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rest assured i have read all the small print, i'm 99.9% sure i'm covered.
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Old 07 August 2008, 07:37   #11
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my mate told me about some caravan thieves who stole caravans without removing hitch locks. Aparently they used two thick steel plates with lots of holes in them and some studding(threaded rod) and a ball hitch attached. They sandwitched the hitch with the plates and tightened the studs and hitched up and drove off.
just shows how prepaired ,determined and ingenious some thieves can be.
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Old 09 August 2008, 06:21   #12
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Quote:
Originally Posted by Daniel View Post
when my boat was stolen recently it had a hitch lock (slide over the hitch type) and a wheel clamp fitted. no sign of either post theft, insurance man said this is usual they remove all evidence and take it with them.

i can only assume they changed the wheel and the hitch on site, which must have taken a good half hour i would imagine before towing it away. considering this happened from a friends front drive, i am stunned (and waiting for a cheque!!)

so my advise, is get something that prevents this. my new wheel clamp will be the type that covers the wheel bots not just a C shaped clamp, and i will be looking for a hitch cover than covers the hitch mounting bolts.

PS: it was not the rib that was stolen... thats a seperate story, and in any case they just cut the outboard off the transom of that one...
i suppose its like everything else know matter how many locks that you use the determined thief will have it if they want it ,we had a couple of outboards nicked a few years ago all the best outboard locks and all they did was chainsaw the transom out with engines.
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Old 09 August 2008, 06:26   #13
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Just make sure that it's insured and that you lock the boat in accordance to the policy.
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Old 09 August 2008, 12:20   #14
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Quote:
Originally Posted by doggypaddle View Post
Aparently they used two thick steel plates with lots of holes in them and some studding(threaded rod) and a ball hitch attached.
Yeah, a builder friend of mine confirmed that this is rife, thieving bu99ers! A local locksmith reckons the Bradley doublelocks are tough to drill out, but obviously if you want a trailer, it's just a matters of having the balls to nick it. Unfortunately it's a matter of trying to turn a thing that was designed to be easily towed into something that isn't. I use a length of 10mm chain to secure the trailer to the chassis of the landrover when parked up at dodgy waterfronts, but it's really only for the insurance man*. The guys at the hardware cut the chain for me with a BFO boltcutter, so anyone else can too......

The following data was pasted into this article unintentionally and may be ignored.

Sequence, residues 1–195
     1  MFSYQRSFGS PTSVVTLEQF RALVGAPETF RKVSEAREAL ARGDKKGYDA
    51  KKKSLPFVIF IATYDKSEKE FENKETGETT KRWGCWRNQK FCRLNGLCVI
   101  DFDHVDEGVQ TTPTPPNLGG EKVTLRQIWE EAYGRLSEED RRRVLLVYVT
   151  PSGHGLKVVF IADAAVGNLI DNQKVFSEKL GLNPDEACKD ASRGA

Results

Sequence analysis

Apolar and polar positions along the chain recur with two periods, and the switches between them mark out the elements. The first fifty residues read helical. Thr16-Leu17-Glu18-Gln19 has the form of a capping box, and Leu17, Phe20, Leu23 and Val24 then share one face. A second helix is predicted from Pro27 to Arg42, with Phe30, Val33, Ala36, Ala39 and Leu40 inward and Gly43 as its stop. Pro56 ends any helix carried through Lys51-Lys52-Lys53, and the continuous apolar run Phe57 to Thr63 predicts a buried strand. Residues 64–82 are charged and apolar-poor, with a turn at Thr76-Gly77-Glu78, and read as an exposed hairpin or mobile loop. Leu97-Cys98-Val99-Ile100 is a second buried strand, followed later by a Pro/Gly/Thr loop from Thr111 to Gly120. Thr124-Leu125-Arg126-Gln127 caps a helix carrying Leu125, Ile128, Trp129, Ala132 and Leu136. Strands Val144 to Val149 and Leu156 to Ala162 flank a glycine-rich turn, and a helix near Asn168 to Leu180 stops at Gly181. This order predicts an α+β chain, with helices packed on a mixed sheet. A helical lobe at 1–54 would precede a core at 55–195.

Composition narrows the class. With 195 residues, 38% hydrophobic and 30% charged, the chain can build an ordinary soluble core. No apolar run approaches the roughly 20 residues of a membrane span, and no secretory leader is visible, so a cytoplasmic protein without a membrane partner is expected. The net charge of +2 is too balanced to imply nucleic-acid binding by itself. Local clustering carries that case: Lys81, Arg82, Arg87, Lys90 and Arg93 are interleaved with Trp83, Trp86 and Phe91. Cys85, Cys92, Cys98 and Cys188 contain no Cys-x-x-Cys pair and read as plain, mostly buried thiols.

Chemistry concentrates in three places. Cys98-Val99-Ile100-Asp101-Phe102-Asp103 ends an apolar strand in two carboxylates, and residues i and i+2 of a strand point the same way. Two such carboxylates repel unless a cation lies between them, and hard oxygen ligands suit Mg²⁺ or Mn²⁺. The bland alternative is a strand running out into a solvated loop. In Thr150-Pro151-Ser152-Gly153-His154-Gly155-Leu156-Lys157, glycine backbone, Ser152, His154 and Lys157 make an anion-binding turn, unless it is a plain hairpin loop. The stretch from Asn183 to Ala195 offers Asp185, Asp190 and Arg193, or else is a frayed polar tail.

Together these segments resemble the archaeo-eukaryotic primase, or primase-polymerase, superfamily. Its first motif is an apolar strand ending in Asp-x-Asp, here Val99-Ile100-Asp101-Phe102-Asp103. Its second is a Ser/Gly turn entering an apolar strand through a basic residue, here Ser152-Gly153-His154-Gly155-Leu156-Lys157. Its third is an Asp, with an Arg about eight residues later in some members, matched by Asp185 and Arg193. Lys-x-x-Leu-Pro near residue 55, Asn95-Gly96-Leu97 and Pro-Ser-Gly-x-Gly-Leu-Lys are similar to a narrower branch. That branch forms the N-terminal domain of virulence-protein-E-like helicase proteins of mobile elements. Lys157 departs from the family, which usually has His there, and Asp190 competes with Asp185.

* the same bloke that wants my 90's secured to the transom.... to ensure that the pikey who robs them has to saw my transom out, two minute job with a battery saw, causing an even bigger loss to the insurers!!!
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Old 10 August 2008, 04:11   #15
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http://www.bikesecure.co.uk/pages/alarm_mine.html

alarm mines so noisy when i forget to disengege it , when of at 5.00am in morning
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Old 10 August 2008, 09:31   #16
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Oh they'll go to any lengths.

I can remember a long time back, someone tried to nick the 30hp 2/s off the back of our old searider. The only thing that stopped it actually being nicked was that they couldnt get through the anti-kick strap on the engine. We found the engine just hanging off the back of the boat because they'd given up.

You just need to balance security with ease of use/suitability, thus why our trailer has the bradley lock, and will also have a full cover wheel clamp (once I get round to picking one up)
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Old 10 August 2008, 10:00   #17
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Thieves certainly don't want to be banging about with lump hammers while their white Transit is double-parked.

As suggested by other members, thieves (aka Pikers) can overcome the hitchlock by effectively adding another hitch, purely to tow it away. Once they have it under cover (I'm thinking of a scrapyard not unlike a scene from Minder), then they will set about removing the hitch.

I've fitted an Indespension Triplelock. One of the securing bolts has a metal bung inserted over the top of it - so it can't be tampered with. You would need drill, angle-grind or use an oxy-acetalene gas torch to remove.

In addition it has a wheel lock (covering wheel bolts), Yamaha outboard lock and is garaged with Yale intruder security alarm. Call me paranoid!
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Old 10 August 2008, 15:12   #18
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Quote:
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i will be looking for a hitch cover than covers the hitch mounting bolts.
Still got this for sale if anyone wants to make me an offer.
Quite heavy though so shipping would probably be 10 in itself.

http://rib.net/forum/showthread.php?t=24737

Orve.
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Old 16 August 2008, 06:54   #19
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Thanks for all your opinions guys. It seems that the integral locks (like the indespension triple lock) seem to be a bit of a favourite. I'll have a look in that direction - cheers
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Old 17 August 2008, 15:46   #20
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I've got a Bradley integral lock and a Bulldog lock over the top of it.